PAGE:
gRPC is a common microservice framework. Commonly used with Protobufs as the encoding, and HTTP/2 as the transport, it is a highly efficient and type safe architecture.
It is often said that contract testing is not required, due to forwards/backwards compatibility encoded into the schemas.
Arguments for gRPC and Protobuf support in Pact
* > "You can add new fields to your message formats without breaking backwards-compatibility; old binaries simply ignore the new field when parsing. So if you have a communications protocol that uses protocol buffers as its data format, you can extend your protocol without having to worry about breaking existing code."
* Whilst this won’t break the “contract”, it may actually not be a plausible situation. There are no guarantees that the actual
RPC service will still work as expected
- The protocol definition itself doesn’t guarantee it can handle all situations the consumers expect to use:
* Proto 3 removes “mandatory fields” - "Making every field optional provides a clearer contract to clients. They are explicitly responsible for checking that every field has been populated with something valid."
* This means specification examples (ala Pact) are very important to ensuring the functionally contract behaviour
* Similar issues to the challenges of "Optional" or "Any" schemas in SOAP SOA architectures
- Backwards guarantee doesn’t tell you _forwards_ compatibility i.e. it doesn’t help you coordinate a release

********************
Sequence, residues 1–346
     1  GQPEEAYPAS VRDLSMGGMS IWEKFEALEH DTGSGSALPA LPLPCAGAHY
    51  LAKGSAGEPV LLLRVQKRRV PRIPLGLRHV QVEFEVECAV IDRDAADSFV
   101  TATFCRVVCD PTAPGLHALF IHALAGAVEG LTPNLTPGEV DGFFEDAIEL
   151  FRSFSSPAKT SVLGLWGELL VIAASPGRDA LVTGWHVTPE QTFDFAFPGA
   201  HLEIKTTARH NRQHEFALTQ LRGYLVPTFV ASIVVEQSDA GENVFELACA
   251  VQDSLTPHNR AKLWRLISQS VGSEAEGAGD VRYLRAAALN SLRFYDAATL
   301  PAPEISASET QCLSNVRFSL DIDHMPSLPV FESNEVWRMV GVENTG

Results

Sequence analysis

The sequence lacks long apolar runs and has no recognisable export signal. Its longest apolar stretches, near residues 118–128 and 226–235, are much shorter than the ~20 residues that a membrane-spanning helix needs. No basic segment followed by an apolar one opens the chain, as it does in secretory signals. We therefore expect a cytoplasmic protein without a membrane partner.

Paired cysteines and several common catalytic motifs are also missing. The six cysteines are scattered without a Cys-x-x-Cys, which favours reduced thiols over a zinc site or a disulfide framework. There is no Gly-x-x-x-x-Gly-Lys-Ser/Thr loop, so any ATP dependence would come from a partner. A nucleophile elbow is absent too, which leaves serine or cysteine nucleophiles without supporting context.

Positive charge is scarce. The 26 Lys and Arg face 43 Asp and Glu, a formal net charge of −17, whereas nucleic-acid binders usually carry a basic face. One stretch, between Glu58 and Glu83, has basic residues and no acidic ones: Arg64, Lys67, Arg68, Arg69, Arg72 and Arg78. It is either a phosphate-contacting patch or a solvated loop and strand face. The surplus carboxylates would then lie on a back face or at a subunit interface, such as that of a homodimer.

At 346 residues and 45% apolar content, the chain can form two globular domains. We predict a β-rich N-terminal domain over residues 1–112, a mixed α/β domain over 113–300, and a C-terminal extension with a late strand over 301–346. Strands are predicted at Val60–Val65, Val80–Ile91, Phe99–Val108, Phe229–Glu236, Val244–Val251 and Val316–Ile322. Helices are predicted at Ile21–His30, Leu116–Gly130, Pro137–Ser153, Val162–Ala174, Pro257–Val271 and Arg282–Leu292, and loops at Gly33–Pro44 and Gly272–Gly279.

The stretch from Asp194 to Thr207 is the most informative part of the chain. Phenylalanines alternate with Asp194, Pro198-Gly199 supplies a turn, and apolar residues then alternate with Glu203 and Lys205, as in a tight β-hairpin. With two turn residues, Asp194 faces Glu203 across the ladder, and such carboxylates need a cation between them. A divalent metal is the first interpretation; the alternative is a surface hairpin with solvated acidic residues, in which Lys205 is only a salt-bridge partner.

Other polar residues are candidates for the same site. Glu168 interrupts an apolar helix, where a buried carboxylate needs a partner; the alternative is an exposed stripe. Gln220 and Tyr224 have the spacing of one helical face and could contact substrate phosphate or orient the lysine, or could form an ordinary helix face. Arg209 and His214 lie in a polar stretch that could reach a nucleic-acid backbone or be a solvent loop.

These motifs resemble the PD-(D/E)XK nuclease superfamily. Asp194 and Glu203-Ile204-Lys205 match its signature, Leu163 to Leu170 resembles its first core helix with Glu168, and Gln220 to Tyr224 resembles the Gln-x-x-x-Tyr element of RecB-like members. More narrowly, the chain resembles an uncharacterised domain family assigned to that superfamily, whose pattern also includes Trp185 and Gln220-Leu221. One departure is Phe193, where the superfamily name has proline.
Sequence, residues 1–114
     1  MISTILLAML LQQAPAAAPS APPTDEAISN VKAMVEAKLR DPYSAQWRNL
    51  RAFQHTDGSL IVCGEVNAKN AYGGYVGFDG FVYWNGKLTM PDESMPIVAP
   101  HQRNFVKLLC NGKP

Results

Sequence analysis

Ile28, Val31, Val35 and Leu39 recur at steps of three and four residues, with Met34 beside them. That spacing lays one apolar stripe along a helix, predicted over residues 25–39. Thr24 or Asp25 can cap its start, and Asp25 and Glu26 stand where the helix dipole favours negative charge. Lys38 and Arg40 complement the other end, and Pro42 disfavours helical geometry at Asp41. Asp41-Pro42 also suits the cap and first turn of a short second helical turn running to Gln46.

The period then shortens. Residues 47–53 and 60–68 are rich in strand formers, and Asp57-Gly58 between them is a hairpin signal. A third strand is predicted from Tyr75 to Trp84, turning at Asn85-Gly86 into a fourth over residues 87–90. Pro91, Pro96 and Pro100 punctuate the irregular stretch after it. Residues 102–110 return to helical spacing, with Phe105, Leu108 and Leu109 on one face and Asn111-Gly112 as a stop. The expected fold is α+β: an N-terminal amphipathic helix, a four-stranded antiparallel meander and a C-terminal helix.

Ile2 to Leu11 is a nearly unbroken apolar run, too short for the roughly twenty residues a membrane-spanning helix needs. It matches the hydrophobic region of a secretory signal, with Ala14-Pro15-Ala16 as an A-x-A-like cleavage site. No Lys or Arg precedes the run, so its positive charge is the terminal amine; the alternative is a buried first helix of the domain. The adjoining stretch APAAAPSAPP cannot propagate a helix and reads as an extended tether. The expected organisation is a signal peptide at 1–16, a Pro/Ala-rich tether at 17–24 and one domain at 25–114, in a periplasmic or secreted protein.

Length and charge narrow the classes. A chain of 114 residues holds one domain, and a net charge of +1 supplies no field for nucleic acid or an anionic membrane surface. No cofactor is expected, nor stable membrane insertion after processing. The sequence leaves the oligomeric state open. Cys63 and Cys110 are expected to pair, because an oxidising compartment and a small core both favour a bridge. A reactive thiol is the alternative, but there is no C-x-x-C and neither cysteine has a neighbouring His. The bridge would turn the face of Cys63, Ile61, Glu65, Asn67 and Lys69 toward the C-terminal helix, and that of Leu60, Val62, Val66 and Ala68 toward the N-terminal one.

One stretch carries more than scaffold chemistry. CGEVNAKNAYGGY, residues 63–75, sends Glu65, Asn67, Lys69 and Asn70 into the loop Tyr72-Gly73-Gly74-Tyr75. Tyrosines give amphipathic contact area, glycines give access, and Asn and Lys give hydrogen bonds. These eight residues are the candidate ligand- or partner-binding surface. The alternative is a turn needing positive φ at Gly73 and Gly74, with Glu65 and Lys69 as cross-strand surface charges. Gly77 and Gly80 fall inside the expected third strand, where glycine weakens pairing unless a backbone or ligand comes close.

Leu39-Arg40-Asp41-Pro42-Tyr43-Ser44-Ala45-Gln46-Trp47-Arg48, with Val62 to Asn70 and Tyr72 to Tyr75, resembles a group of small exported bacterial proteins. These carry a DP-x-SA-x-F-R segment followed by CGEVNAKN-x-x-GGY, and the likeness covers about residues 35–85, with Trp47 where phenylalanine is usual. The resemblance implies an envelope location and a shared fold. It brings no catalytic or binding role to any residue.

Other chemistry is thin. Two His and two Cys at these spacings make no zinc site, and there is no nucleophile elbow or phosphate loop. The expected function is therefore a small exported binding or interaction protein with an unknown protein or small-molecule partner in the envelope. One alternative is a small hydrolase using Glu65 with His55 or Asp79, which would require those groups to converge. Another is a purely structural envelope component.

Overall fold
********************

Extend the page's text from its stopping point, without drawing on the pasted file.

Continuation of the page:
- OneOf semantics - see https://developers.google.com/protocol-buffers/docs/proto3#backwards-compatibility-issues
- The protocol buffer is separate to the HTTP endpoint serving it. See value prop from above
- It is absolutely possible to break a proto file by modifying numbered tags (field identifiers) or removing fields
* Buf (https://buf.build/) - a useful tool for static protobuf linting, backwards compatiblity checks and introspection
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The plugin was created and released last year, and after a period of stabilisation I think we can consider this closed: https://github.com/pactflow/pact-protobuf-plugin/
The second developer preview of our gRPC/Protobuf support for Pact is now available. Expanding our previous support for Protobufs, this update brings support for using gRPC directly with Pact tests, using a gRPC mock server in consumer tests and the Pact verifier supporting gRPC
for provider verification tests.
Documentation can be found at https://github.com/pactflow/pact-protobuf-plugin#testing-a-grpc-service-method-interaction
gRPC is supported with:
- Pact-JVM 4.4.0-beta.1 and JUnit 5 (https://github.com/pact-foundation/pact-jvm/tree/master/consumer/junit5 and https://github.com/pact-foundation/pact-jvm/tree/master/provider/junit5)
- Pact-Rust consumer crate 0.9.2 (https://crates.io/crates/pact_consumer)
- Pact Verifier CLI 0.9.10 (https://github.com/pact-foundation/pact-reference/releases/tag/pact_verifier_cli-v0.9.10)The Pactflow gRPC/Protobuf plugin can be downloaded from: https://github.com/pactflow/pact-protobuf-plugin/releases
For examples of Pact tests using gRPC:
What is coming next?